Tag Archives: God’s love

What Are You Doing Down There?


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Run Time: approximately 15 minutes.

Gospel: Mt 25:14-30.

My parents had a room in the basement that was the play room. And that’s the room where all the toys were put and where the worst of the chaos was wrought…. And occasionally we’d be sent to this place, not to play, but to clean up… but after 2 or 3 hours of “cleaning up” ah, at which point we had clearly forgotten what we were there for… Somebody would step on somebody else’s toes or something of that sort… and a fight would break out. A voice would come from upstairs: “What are you doing down there?” And the worst answer was: “Nothin!” because that was not the purpose. We were not put to this to do ‘nothin’ and I think of that in our daily examine how often, when we ask the question “what are you doing?” what are you doing in there? What are you doing with your time? What are you doing with this precious gift of life that you’ve been given? What are you doing with your attention, your patience, your charity? What a thing to answer back: “Nothin!” “Not getting into any trouble.” We’re here to do more than just not get into any trouble…. Jesus Christ did not take upon flesh and suffer and die for us simply to get us out of hell.

God Is Not Indifferent

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Run Time: 09:36. Gospel: Mk 6:30-34.

And so this reality, which we contemplate from time to time, should give us in the midst of life – strength; in the midst of struggle – courage, because it is a reminder, just as the way that Christ is present to us when we read the Scriptures, when we celebrate the Eucharist – that He dwells day and night in our tabernacle – that Jesus Christ has not abandoned us and He never will. We are precious to Him. We are His redeemed, His friends, His fellow soldiers and the battle that each one of us fights in our lives through struggles, through difficulty, through addiction – even if these things may seem small in the eyes of the world, they are big in Christ’s eyes; because and only because we matter to Him.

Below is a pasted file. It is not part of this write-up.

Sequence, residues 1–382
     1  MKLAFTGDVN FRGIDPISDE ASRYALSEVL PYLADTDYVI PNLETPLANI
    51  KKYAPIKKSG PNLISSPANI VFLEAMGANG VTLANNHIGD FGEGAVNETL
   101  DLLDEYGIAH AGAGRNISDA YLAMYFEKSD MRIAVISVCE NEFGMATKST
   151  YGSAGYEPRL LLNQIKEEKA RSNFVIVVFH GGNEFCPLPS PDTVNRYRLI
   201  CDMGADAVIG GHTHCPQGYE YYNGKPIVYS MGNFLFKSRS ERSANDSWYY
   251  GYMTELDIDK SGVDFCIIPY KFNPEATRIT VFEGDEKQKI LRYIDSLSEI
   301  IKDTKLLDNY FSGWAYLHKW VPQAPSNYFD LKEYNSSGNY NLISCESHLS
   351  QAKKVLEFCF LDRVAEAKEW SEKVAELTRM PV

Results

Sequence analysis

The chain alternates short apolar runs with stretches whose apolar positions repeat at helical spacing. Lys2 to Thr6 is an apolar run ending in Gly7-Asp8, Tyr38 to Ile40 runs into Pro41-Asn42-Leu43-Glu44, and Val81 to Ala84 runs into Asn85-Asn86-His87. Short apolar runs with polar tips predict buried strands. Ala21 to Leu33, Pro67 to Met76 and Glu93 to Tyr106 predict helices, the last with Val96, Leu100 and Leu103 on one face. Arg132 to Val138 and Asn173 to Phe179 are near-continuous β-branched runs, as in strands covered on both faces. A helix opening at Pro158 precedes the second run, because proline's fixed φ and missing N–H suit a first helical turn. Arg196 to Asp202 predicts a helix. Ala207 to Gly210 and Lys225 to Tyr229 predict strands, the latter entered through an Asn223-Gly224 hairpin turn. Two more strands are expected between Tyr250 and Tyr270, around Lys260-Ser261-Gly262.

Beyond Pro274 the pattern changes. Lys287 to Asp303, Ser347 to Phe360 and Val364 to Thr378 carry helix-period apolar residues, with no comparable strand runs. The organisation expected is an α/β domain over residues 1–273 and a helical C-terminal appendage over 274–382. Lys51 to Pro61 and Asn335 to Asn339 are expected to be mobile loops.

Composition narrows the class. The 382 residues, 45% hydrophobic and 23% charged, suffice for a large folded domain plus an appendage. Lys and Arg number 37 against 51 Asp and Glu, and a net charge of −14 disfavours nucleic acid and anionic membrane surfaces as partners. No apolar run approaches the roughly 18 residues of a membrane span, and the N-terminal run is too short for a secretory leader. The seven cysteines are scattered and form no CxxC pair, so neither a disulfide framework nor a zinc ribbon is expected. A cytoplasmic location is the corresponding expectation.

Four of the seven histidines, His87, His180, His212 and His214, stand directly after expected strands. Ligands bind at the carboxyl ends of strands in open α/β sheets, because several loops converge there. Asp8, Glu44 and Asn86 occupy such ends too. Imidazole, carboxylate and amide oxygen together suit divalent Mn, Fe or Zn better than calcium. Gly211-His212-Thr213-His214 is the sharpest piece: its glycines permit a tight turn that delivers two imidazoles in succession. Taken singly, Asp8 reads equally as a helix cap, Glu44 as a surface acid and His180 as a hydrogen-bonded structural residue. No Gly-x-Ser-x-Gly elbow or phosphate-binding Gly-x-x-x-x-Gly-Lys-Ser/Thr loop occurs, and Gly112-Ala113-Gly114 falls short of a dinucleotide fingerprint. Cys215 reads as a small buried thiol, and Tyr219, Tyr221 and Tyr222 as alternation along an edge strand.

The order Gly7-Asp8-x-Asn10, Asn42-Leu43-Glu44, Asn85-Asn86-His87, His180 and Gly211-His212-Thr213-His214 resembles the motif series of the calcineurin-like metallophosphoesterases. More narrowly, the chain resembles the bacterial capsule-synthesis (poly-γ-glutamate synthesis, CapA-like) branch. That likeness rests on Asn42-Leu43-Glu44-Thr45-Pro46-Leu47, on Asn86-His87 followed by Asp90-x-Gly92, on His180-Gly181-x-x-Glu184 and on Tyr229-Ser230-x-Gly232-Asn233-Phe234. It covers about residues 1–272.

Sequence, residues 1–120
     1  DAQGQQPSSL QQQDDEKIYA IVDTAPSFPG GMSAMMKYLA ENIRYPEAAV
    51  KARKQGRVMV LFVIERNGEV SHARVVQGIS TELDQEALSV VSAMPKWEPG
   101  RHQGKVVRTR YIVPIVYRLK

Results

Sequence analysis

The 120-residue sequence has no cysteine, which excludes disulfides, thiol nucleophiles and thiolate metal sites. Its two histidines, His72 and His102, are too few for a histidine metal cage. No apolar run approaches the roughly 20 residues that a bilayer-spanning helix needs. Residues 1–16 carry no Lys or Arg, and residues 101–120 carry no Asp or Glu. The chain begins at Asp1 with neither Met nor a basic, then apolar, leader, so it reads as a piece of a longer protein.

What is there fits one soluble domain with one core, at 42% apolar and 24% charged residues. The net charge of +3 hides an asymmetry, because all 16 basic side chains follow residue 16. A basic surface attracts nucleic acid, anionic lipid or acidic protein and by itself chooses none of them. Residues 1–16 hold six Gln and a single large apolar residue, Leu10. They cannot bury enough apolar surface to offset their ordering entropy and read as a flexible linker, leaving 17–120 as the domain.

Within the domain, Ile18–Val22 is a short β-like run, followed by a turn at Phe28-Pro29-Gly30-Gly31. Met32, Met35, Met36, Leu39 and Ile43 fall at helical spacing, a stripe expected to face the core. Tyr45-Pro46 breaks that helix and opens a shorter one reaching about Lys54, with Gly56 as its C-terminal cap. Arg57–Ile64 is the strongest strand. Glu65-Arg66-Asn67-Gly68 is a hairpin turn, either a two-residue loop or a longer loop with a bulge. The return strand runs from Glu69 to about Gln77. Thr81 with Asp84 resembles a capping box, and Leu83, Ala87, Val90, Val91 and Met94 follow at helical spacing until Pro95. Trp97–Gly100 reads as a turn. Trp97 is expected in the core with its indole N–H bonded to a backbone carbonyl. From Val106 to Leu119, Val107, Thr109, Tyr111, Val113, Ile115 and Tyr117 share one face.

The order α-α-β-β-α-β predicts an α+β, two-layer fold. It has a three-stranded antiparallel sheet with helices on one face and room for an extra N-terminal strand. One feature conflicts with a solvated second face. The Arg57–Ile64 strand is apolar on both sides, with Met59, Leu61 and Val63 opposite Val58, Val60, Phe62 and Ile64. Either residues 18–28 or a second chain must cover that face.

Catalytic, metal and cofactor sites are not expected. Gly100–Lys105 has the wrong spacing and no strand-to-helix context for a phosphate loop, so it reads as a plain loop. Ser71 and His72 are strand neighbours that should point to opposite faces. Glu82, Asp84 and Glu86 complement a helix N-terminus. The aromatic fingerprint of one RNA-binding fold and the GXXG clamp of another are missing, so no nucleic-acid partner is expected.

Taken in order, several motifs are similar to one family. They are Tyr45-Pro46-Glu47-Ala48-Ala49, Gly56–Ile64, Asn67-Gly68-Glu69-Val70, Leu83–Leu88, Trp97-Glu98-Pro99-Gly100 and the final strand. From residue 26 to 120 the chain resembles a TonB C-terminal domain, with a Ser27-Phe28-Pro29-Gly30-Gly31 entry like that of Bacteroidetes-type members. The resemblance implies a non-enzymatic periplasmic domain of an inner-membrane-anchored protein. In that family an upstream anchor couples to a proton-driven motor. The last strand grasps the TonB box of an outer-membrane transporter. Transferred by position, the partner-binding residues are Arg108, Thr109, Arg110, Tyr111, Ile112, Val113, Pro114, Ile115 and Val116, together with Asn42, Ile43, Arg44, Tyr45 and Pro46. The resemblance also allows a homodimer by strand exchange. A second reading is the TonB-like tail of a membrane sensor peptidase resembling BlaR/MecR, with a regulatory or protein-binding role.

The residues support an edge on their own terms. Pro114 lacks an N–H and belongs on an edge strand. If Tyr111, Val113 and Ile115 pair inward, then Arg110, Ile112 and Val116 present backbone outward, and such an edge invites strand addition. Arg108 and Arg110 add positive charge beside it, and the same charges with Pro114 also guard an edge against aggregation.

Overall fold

Essentially Good

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Run Time: 14:58.

Gospel: Mt 28:16-20

How grateful, dear friends, should we be to God? That we have the knowledge though Christ that has saved us from falling into either one of these extremes. We are human beings, created in the image and likeness of God, we are not a blight upon this planet and nor is the earth void of meaning. Rather, this physicality is part of God’s revelation and what does it say to us? That we, because we are created in His image, because we are redeemed by the Blood of the cross, that we are essentially good. It can be difficult for us as Catholics to believe that. We are good. That when our sins are forgiven, they are forgiven and they are forgotten and we are essentially good because we are the image of God on earth.

Recognizing Our Lord

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Run Time: 4:51.  Gospel: Lk 24:35-48.